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“Fairness” is a term getting thrown around during the current campaign season more than a football at a Cards vs. Cats game.
President Obama has even made it the centerpiece of his reelection campaign, using rhetoric filled with talk of “fairness” but nothing about “freedom.”
One of his standard lines pines for “an economy where everyone gets a fair shot” and “everyone does their fair share.”
But the question I have is: Just what is it that makes a government edict fair or unfair?
For instance, is it “fair” to Kentucky citizens for Gov. Steve Beshear to accept $67 million from Washington in order to set up a government-run health exchange in the commonwealth without legislators’ consent?
Is it “fair” to Americans to market Obamacare as the “Patient Protection and Affordable Care Act” when it will not protect the most vulnerable among us, and actually makes health care for most responsible Americans less affordable?
Is it really “fair” to force everyone in the commonwealth to purchase health insurance at a price that cannot be influenced by either existing health or personal lifestyle choices?
To some, this may seem intuitively fair – especially to those chronically ill patients unable to pay for their own care.
But for Obamacare proponents, such “fairness” should be decided willy-nilly on a case-by-case basis.
They claim it’s “fair” to implement policies that are “unfair” to healthy Americans who neither need nor want such high-cost coverage. Instead, this coverage is forced upon them to subsidize those who, in many cases, have made irresponsible decisions that have resulted in their current predicament.
Spreading the costs of unhealthy behavior offers incentives to otherwise healthy individuals to throw caution to the wind. Is it “fair” that healthy behavior is punished for the sake of making unhealthy choices less costly to the individual?
Don’t we want just the opposite?
When it comes to pollution, many environmentalists point to Kentucky’s coal industry as one of the culprits infringing on social equity. They hail the Environmental Protection Agency as a bastion of fairness to keep the commonwealth’s ecosystem and public lands from being polluted.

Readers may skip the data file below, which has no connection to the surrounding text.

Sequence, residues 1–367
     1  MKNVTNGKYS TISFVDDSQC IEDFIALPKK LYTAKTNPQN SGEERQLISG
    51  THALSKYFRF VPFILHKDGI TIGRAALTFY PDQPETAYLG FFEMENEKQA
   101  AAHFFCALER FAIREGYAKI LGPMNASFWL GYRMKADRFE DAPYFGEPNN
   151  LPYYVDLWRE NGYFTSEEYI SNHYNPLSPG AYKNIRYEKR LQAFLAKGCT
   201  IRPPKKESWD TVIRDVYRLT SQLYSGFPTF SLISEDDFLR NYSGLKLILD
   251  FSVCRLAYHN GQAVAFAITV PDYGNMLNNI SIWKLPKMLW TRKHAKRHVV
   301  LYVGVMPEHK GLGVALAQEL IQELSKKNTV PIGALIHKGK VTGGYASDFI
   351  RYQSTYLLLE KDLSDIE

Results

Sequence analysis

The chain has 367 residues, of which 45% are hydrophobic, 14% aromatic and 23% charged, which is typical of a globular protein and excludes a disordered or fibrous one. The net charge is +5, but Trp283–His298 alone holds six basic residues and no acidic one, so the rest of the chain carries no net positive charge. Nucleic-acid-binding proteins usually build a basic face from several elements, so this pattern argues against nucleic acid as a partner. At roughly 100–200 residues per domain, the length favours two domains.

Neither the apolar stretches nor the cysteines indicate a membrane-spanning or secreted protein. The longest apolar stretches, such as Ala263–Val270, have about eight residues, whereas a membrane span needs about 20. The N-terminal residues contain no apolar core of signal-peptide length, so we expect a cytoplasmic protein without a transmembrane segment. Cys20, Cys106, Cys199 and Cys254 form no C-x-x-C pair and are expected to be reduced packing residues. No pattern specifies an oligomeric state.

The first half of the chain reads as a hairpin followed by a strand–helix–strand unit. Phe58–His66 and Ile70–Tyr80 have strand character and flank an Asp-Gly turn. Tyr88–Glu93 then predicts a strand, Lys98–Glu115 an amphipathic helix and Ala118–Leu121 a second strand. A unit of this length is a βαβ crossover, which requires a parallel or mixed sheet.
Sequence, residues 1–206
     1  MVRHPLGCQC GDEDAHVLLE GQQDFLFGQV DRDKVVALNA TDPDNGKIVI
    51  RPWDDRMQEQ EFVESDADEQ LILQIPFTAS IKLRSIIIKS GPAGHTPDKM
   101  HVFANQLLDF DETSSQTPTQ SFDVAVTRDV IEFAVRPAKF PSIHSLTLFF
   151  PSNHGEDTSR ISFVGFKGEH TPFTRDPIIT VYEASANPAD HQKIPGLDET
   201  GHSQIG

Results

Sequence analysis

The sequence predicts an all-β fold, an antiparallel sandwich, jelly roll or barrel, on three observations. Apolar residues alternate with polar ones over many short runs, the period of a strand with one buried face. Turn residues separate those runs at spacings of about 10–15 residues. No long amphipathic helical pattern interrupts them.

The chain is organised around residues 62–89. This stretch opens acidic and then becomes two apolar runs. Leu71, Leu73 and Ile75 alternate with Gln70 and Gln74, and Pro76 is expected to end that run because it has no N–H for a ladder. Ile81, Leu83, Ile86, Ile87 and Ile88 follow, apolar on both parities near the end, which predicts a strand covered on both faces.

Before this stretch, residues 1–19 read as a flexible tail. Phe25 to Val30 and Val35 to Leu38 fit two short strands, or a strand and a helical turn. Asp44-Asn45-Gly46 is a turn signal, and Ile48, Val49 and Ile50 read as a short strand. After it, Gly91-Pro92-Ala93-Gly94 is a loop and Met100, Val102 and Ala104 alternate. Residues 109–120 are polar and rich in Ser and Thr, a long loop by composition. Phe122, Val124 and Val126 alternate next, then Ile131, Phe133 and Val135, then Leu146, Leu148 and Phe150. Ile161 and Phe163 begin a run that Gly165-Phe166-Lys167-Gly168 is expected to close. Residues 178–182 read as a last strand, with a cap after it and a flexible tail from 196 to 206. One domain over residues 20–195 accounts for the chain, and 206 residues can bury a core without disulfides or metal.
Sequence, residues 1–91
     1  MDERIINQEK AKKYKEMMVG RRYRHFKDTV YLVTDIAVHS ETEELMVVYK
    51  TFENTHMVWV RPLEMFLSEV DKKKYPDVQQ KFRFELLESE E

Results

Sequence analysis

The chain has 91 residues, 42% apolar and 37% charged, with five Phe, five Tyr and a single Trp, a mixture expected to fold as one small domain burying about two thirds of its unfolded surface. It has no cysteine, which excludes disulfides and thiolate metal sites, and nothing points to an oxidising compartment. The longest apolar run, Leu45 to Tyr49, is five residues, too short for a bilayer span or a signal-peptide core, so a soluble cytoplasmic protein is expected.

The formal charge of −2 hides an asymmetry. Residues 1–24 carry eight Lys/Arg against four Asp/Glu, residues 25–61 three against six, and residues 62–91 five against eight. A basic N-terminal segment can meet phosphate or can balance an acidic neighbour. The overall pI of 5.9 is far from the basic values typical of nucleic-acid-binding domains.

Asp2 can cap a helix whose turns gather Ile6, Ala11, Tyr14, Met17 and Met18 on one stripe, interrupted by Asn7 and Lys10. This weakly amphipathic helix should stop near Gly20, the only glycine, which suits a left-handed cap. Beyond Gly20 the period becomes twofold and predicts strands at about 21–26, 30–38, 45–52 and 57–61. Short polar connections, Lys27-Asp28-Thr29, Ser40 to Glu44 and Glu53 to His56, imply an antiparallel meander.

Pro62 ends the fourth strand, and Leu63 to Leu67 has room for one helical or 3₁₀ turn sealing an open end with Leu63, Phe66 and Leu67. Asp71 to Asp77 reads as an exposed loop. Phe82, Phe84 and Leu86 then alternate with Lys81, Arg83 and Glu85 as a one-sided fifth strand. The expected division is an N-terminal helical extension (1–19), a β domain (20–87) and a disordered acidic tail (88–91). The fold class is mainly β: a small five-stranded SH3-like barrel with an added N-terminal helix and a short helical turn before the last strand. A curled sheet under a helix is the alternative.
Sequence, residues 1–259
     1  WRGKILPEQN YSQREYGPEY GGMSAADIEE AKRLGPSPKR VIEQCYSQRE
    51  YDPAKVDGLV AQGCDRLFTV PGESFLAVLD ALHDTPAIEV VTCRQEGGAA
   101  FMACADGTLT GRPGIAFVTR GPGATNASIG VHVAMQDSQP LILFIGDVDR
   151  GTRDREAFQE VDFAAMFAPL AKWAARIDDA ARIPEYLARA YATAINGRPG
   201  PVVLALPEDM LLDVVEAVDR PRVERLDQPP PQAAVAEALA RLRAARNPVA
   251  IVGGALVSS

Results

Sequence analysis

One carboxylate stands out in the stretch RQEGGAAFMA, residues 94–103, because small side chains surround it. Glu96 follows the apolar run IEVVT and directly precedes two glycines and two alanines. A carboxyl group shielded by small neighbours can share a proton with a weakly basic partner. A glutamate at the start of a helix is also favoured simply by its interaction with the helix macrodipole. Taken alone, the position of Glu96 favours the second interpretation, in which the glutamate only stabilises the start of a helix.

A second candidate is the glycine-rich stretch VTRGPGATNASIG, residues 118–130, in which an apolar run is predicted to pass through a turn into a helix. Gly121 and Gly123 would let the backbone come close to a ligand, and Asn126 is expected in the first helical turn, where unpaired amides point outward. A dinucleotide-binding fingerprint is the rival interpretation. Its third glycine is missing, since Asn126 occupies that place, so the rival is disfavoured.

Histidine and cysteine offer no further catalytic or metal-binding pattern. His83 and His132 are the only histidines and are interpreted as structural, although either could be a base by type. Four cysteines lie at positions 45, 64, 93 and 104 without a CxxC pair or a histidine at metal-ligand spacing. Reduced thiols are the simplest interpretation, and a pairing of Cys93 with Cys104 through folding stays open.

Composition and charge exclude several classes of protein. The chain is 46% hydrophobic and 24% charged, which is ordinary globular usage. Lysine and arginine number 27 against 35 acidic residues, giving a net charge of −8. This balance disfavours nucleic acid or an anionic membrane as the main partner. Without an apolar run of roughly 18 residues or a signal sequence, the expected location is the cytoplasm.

But what’s “fair” for the radical greenie may be completely “unfair” for the Appalachian communities throughout Kentucky that rely exclusively on the black rock for economic well-being.
What if we consider the jobs drawn to Kentucky from the aluminum, steel and automotive industries because of some of the lowest energy rates in the nation – all due to Kentucky coal?
How is it “fair” for the costs and benefits of Kentucky coal to be determined by unelected bureaucrats in far-off Washington D.C. when the effects of our energy sector are most felt right here at home?
Who gets to determine what’s “fair” when it comes to tax policies?
Apparently, it’s a no-brainier that 1 percent of Americans holding 40 percent of the national wealth is “unfair,” but expropriating this group’s legally acquired property for the sake of equity isn’t? Just how did the Occupy Protesters calibrate their moral compass to arrive at that gonzo conclusion? Am I the only one lost here?
There’s an assumption that if we raise taxes on the “wealthy,” somehow or other the only consequence will be more money flowing into government coffers.
But what we’ve found is just the opposite. Such “fairness” policies reduce economic activity, which, in turn, reduce the amount of money available for public service.
Some want to anyhow, claiming such tax hikes ensure “equity.”
That seems “unfair” to me. And why shouldn’t my understanding of “fairness” count just as much as anyone else’s?
Jim Waters is president of the Bluegrass Institute. Reach him at email@example.com.